Different boats have a variety of strategies for putting companionway netting in place. Some use frames with netting, instead of the ordinary drop boards for closing the companionway completely, with the netting frames sliding into the same slots. Others folks use netting with Velcro on the edges. The frames seemed like too much trouble, especially for quick exits in a serious situation, and my experience with Velcro and netting is that the Velcro grabs the netting when it shouldn’t, and worse, opens up gaps in the weave when you pull it apart. But there were those handy slots, for drop boards that were not in place. It turns out that you can hang netting on a string fastened inside, across the top of the companionway hatch, put a flexible weight, in this case a coil of spare line, over the extra material at the bottom of the netting to pin it down, and then fill the slots on the side with pieces of foam “backer rod” to pinch the netting into the slots.

Backer rod comes from hardware stores, in a variety of diameters. It is made of soft foam, and is ordinarily used for filling gaps that are going to be caulked, so that you don’t need so much actual caulk for the job. It’s cheap, flexible, and easy to work with. With a bit of netting bunched up on the sides, and a little experimenting to find the perfect diameter of backer rod, it makes a very handy closure for the netting. It’s not much trouble to put in, and comes out instantly for quick exits.

On this boat, the top 6 inches of the vertical sides of the companionway have no slot. This was initially a problem, but Suzanne took a trip to the local department store and found oversized plastic clips that close onto the existing strip of wood. Voilà, a complete netting seal all the way around the perimeter of the companionway.

This whole routine might be too fussy for some folks, but it has seemed worth describing, in case some part of it is the perfect fit for somebody puzzling over this issue. I’ve found it easier than the alternatives, having tried several over time.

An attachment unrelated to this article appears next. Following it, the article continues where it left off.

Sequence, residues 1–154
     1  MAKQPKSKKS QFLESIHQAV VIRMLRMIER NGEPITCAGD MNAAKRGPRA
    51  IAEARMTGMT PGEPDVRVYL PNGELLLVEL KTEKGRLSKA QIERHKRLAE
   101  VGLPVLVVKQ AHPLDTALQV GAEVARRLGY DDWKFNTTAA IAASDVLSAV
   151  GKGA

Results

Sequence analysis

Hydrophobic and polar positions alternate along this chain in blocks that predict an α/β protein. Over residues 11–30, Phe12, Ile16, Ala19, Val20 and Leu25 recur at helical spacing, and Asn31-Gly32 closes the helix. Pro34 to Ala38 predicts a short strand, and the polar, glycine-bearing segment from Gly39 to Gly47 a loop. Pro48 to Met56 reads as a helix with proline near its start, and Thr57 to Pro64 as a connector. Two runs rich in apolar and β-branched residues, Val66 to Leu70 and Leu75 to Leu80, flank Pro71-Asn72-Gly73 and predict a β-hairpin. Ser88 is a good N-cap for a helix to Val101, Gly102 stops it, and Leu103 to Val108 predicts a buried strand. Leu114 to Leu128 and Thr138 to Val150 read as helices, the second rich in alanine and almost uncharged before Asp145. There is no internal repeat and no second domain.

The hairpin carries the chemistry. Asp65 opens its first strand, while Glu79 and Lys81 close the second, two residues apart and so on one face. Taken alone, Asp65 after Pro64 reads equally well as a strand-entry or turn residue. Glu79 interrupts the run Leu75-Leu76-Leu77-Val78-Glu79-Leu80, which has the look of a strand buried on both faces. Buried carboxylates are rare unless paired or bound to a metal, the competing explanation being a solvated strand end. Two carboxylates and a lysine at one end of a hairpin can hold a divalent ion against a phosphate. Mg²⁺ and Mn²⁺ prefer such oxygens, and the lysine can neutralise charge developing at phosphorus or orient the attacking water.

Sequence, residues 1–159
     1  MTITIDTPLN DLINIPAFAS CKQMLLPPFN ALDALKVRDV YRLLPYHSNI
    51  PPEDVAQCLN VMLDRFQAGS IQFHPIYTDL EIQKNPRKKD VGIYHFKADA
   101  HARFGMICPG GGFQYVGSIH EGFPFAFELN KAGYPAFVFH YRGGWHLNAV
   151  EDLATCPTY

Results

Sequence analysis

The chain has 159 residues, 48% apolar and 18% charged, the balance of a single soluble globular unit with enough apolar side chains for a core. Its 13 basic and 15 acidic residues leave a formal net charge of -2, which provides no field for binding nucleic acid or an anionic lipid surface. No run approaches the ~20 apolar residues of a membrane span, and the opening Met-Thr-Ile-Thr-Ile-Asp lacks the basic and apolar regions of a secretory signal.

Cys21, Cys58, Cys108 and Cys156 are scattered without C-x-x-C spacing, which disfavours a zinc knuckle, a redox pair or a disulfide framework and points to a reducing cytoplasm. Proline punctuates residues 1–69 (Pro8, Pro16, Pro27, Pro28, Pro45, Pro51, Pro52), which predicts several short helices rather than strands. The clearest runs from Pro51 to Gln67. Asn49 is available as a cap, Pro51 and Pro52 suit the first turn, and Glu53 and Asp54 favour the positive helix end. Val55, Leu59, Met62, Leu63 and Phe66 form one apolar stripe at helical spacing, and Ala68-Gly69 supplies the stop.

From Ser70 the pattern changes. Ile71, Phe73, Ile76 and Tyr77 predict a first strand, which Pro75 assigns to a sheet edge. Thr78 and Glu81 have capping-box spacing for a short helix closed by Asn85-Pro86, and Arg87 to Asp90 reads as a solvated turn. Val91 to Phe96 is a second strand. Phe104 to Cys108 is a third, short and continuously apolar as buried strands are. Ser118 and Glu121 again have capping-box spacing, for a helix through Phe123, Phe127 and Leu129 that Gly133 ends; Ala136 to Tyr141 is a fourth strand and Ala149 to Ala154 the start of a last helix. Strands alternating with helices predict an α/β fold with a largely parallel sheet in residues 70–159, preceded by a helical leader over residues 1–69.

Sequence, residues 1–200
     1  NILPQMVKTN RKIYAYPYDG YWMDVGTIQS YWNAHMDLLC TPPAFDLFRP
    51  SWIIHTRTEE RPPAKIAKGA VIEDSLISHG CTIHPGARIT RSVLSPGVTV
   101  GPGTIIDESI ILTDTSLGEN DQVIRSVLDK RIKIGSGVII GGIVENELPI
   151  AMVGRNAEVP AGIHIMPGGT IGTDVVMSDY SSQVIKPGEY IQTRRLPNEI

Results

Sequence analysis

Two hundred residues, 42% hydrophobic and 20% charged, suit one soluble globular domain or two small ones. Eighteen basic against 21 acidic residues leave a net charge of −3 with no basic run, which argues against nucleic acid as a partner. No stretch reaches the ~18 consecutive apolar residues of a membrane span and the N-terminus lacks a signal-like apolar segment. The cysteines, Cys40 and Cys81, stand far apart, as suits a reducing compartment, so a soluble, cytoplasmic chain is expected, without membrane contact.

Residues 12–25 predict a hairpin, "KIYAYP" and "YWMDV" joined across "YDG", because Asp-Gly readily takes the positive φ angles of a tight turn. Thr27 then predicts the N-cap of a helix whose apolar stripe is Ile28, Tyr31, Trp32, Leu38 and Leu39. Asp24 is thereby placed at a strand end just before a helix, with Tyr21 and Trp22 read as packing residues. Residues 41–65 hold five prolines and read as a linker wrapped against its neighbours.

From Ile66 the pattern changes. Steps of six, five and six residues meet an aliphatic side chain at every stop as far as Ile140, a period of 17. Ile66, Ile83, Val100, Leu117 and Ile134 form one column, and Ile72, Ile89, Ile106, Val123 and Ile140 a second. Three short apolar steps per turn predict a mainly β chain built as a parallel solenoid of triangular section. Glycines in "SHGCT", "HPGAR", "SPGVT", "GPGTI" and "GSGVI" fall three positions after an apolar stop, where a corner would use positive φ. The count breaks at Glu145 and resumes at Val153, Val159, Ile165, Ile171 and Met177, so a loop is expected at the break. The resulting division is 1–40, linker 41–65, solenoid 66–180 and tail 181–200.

The forward window screen is a plastic frame that Theo made from scraps that had to do with the borders for plastic lattices, like those used to close off crawlspaces underneath porches and houses. Foam weatherstripping is attached around the outside edge, and makes a snug fit into the frame of the window, where it stays without any additional attachment.
The screen presses into place, and there is an eye strap screwed onto the inside face (hidden behind the rolled up curtain in the photo), to make a handle so it’s possible to get it back out of the window. It uses regular fabric no-see-um netting. I was worried about that being too fragile, especially when the screen is out of the window, being stored somewhere inside the boat. But it turns out that with moderate care it’s been fine, and the original netting is still holding up in this fourth year of sailing.

Then there is the question of mosquitoes while actually sailing. I’ve been pretty bitten in this situation also, especially coming late into a harbor, just as it gets dark. Footwear is good, as are pants and long sleeves, but sometimes this really isn’t enough. Last winter, browsing a stray catalog that showed up in the mail, I came across the perfect thing: a bug shirt! Marketed to people who go canoeing in the Boundary Waters of Minnesota – where they really know mosquitoes – it has netting for coolness along the sides, and a full hood with a netting front and zipper access, to cover one’s head and face. You wear a brimmed hat inside the hood, to hold the netting away from your face and neck (so the bugs can’t bite right through the netting), and gloves for your hands, and laugh at the mosquitoes.

One morning about a month ago I left a Gouldsboro Bay anchorage early, when it was still dark enough to need navigation lights. There was barely a breeze, and the mosquitoes knew it. The shirt was a fine thing – easier to manage than a mosquito headnet, with no worries about gaps at the collar. I’m an absolute convert. This is the one I got, but the same company has another one, and I’m sure there are others to be found elsewhere. As always, I’m not receiving anything for including this link…

So that’s about it for what I’ve learned about bug avoidance. I do like early spring and late fall sailing, for that time with no bugs, no netting, and neither bug-vigilance, nor itching. But since working out the various systems, that middle time of the sailing year has also been quite nice.

[Posted now in October, but mostly written sometime in August.]